Have you ever come across a situation, an opportunity, a moment that seemed perfectly orchestrated? Sitting in the doctor’s waiting room, starting up small talk with the person sitting across from you whose also shuffling through the magazines and somehow that seemingly meaningless conversation leads to a “moment” where for just those 5 seconds you feel like you’ve met a kindred spirit. Searching everywhere – online, catalogs, stores – for a gift that will mark that occasion or holiday as memorable because of this special item from YOU…an epiphany hits you and you find it. Having a great day from top to bottom and when you turn in for the night, you look back on the day with a smile and you think “wow – this really was a good day!”
Then of course, there are the opposites… A day where NOTHING goes right – from spilling coffee on your shirt right before you walk out the door when you’re already 10 minutes late, to receiving bad news on a day where you couldn’t please ANYONE, to everything you touch going wrong. All you (I) want to do is crawl into bed and come out of the bedroom next week, but no – there is dinner to cook, homework to track down, laundry to — yeah, well anyway. Plenty of things around the house to remind you that you’re still “needed.”
But you press on, knowing tomorrow is a new day, that things could be worse and finding gratitude for what you do have. My heartbreak in all this is teaching my kids these things – the hard way – through letting life happen – and guiding them through the processing. I had this blessed opportunity last month. My son tried out for a sport in a competitive league. He is quite good, and not just because I think so. I have had plenty of people tell me how good he is. I have overheard conversations about him. I’ve seen players go after him because of how well he’s performed in a particular game. And I’ve seen how his peers treat him and play with him. In every conversation I have with him about his God-given talents and abilities, humility is the element I implement the most. Humility keeps his head from swelling, his feet on the ground, keeps him practicing and pushes him to be the kind of teammate everyone likes: helpful, encouraging, motivating. It seemed like this was the time for him to take things to the next level.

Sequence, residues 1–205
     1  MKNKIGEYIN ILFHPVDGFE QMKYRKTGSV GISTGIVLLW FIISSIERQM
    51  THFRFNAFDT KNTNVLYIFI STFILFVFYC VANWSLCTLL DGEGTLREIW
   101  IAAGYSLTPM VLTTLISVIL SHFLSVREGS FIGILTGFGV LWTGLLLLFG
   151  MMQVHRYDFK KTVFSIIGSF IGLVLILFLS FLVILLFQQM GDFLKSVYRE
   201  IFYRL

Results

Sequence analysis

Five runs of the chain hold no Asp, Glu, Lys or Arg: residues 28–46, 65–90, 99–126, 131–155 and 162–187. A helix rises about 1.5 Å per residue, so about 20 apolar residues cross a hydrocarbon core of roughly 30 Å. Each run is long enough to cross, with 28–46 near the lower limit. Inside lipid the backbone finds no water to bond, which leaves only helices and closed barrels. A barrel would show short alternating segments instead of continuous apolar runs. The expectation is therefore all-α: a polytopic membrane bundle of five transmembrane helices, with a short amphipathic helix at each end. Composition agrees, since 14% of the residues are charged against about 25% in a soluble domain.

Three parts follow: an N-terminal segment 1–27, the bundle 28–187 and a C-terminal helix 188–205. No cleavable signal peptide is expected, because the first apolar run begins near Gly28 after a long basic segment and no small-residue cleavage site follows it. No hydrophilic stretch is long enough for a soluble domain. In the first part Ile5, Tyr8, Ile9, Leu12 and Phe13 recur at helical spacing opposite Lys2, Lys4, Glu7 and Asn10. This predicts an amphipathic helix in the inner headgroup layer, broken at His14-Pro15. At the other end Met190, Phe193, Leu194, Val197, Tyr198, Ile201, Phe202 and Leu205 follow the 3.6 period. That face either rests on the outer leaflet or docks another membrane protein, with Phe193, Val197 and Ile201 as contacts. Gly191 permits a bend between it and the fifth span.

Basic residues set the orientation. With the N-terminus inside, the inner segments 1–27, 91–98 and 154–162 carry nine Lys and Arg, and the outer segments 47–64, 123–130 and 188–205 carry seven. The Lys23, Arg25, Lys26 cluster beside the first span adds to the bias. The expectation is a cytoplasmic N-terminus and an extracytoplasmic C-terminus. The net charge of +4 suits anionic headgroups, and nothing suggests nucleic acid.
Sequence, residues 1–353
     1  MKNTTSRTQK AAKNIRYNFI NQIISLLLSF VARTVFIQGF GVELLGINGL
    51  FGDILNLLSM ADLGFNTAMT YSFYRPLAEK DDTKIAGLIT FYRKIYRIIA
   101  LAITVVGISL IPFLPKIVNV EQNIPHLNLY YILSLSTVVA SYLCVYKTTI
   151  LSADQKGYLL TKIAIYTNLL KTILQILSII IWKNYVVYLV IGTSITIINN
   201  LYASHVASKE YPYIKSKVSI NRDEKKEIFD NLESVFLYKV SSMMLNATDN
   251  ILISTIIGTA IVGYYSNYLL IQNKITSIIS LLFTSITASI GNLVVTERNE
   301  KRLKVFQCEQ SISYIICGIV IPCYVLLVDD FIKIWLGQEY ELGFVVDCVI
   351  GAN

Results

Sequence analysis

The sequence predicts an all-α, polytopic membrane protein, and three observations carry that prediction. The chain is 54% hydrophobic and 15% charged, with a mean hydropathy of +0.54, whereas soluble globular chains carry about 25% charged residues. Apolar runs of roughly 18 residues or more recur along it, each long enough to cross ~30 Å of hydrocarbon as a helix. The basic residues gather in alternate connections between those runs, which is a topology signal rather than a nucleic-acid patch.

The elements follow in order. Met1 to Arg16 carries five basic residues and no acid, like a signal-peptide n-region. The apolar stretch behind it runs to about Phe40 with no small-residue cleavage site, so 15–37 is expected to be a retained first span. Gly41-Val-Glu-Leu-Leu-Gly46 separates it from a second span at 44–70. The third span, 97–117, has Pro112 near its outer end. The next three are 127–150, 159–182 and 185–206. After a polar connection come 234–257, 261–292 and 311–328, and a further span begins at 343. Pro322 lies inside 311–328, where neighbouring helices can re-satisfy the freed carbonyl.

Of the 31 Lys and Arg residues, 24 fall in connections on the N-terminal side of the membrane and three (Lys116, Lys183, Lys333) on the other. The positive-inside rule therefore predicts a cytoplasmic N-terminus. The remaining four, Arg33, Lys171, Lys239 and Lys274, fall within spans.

He did amazing in his tryouts. However, he wasn’t chosen for a team, and after checking my email all day for the announcement having to deal with my own disappointment on top of breaking the news to him was one of the hardest things I’ve had to do. It truly seemed like it was his “such a time as this” (Esther 4:14 – taken slightly out of context). He practices this sport all year, regardless of whatever other sport he’s participating. As parents, we have been encouraged to watch for and jump on these “teachable moments” to better shape the young minds and hearts that have been entrusted to us. You see a homeless person and you want to 1) shows ways to help the poor and homeless and 2) be grateful for what you have. A lie is discovered, and you can demonstrate the value of trust. With this kind of disappointment, my gut reaction was to first cry and then get angry and take action to reconcile the injustice. I did pull myself together, petitioned a prayer request from my husband and broke the news. My son was sad and then mad. The next day he was just deflated. I will admit that I did unload my gut reaction on a couple of friends. One was sweet and encouraging and sympathetic. The other was sympathetic but shared my frustration as well. Both equipped me for not overdoing my sympathy-frustration-disappointment-overencouragingpeptalk reaction so as to not alienate my son. Because at the end of the day, very little of what I say or even do will make this experience any better for my son. I am thankful because I have the tendency to keep talking until I’ve made a difference (usually the difference is being told I’ve talked too much and just need to be quiet). I did my parental pep talk, but it was only to tell my son how proud of him I was, how bad I felt for him and to let him know what his options were. He bounced back rather quickly, as he usually does, and whether it was my wise parenting or God’s intervention in the way He made my kid I don’t know…But he got to experience a little bit of adulthood, and perhaps that was the intended perfectly orchestrated situation.